Insurance Status of U.S. Organ Donors and Transplant Recipients: The Uninsured Give, but Rarely Receive

By Andrew A. Herring, Steffie Woolhandler, and David U. Himmelstein
International Journal of Health Services
Volume 38, Number 4

In September of 2005, one of us (Herring), then a third-year medical student, cared for a previously healthy 25-year-old uninsured day laborer who arrived at the emergency department with rapidly advancing idiopathic dilated cardiomyopathy. The patient was ultimately deemed unsuitable for cardiac transplantation. The decision on transplantation was driven, in part, by realistic concern about the patient’s inability to pay for long-term immunosuppressive therapy and to support himself during recovery. Absent such resources, the likelihood of a successful outcome is compromised. The clinicians caring for him faced a wrenching dilemma: deny the patient a transplant, or use a scarce organ for a patient with a reduced chance of success. He died of heart failure two weeks after his initial presentation. This tragedy inspired us to examine data on the participation of the uninsured in organ transplantation, both as recipients and as donors.


Organ transplantation is an expensive, life-saving technology. Previous studies have found that few transplant recipients in the United States lack health insurance (in part because patients may become eligible for special coverage because of their disability and transplant teams vigorously advocate for their patients). Few data are available on the insurance status of U.S. organ donors. The authors analyzed the 2003 National Inpatient Sample (NIS), a nationally representative 20 percent sample of U.S. hospital stays, and identified incident organ donors and recipients using ICD-9-CM diagnosis and procedure codes. The NIS sample included 1,447 organ donors and 4,962 transplant recipients, equivalent after weighting to 6,517 donors and 23,656 recipients nationwide; 16.9 percent of organ donors but only 0.8 percent of transplant recipients were uninsured. In multivariate analysis, compared with other inpatients organ donors were much more likely to be uninsured (OR 3.41, 95% CI 2.81-4.15), whereas transplant recipients were less likely to lack coverage (OR 0.08, 95% CI 0.06-0.12). Many uninsured Americans donate organs, but they rarely receive them.

Because of the mismatch between the numbers of individuals who are candidates to receive organ transplants and the numbers of donors available, sometimes difficult decisions have to be made as to who will receive the transplants. As complex as these decisions are, it is a sad commentary that, in the United States, we add one additional complicating factor: Does the potential recipient have insurance?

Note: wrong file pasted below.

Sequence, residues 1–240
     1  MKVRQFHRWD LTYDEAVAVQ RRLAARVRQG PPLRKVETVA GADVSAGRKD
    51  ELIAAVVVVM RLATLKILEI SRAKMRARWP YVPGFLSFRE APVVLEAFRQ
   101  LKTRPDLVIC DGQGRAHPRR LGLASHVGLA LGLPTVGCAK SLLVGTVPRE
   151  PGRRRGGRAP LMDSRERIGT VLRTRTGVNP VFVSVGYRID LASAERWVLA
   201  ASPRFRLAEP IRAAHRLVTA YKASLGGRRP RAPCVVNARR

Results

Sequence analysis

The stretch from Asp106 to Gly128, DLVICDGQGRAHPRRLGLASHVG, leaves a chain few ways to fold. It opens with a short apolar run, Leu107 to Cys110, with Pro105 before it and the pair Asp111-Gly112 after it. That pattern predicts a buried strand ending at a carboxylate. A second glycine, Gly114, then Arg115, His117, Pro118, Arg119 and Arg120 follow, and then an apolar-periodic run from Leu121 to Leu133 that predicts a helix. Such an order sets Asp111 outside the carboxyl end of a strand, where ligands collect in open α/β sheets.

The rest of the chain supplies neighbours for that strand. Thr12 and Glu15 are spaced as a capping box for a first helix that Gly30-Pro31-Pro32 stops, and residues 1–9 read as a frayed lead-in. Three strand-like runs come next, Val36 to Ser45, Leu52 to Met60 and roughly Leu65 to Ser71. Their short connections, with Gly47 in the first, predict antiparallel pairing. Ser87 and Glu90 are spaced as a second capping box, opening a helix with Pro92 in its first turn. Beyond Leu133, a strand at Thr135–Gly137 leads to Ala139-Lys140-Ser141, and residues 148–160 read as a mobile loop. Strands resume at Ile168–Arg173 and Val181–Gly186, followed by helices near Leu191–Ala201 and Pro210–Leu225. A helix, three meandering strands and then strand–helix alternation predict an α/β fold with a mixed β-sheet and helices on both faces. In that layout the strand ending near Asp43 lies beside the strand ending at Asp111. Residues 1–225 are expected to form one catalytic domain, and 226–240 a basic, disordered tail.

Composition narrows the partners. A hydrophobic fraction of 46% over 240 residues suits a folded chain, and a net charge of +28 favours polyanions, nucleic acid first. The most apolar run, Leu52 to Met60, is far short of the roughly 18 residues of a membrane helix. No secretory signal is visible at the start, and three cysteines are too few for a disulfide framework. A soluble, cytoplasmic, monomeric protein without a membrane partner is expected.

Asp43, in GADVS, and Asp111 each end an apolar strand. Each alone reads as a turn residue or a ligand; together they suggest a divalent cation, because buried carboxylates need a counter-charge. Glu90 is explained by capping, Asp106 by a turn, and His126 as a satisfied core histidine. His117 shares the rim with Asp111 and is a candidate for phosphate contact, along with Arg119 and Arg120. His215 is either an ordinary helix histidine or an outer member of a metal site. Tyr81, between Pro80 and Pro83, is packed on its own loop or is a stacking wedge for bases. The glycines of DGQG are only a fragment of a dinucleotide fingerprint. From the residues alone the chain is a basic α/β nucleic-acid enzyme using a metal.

It is reassuring to note that the dedicated transplant teams can sometimes break through this barrier through vigorous advocacy on behalf of their patients. But it is wrong that they should have to do that. And it is especially wrong that uninsured candidates may be unsuccessful in negotiating this barrier.

These life and death decisions are not based on a lack of money; we are already spending more than enough. Rather people are dying merely because of the way we allocate that money. A single payer national health program would remove money as a consideration and allow us to concentrate on the other moral and ethical factors that should determine who lives and who dies.

What a terrible decision to have to make. But let’s not make it based on ability to pay.

Aetna creates "Medical Home." Really?

Posted by on Monday, Nov 17, 2008

This entry is from Dr. McCanne's Quote of the Day, a daily health policy update on the single-payer health care reform movement. The QotD is archived on PNHP's website.

Aetna and Partners in Care Test New Approach to Health Care Services

News Release
November 13, 2008

New Model Creates a “Medical Home” for Patients that is Based on a Strong Primary Care Relationship and Close Coordination with Other Care Providers

Aetna (NYSE: AET) and Partners In Care, Corp. (PIC) today announced a pilot program to test an innovative new health care model that will make the health care system an easier place for patients. Called a “Patient-Centered Medical Home” the model emphasizes the role of the primary care physician (PCP) in managing and coordinating patient care across a range of care providers, including specialists and hospitals.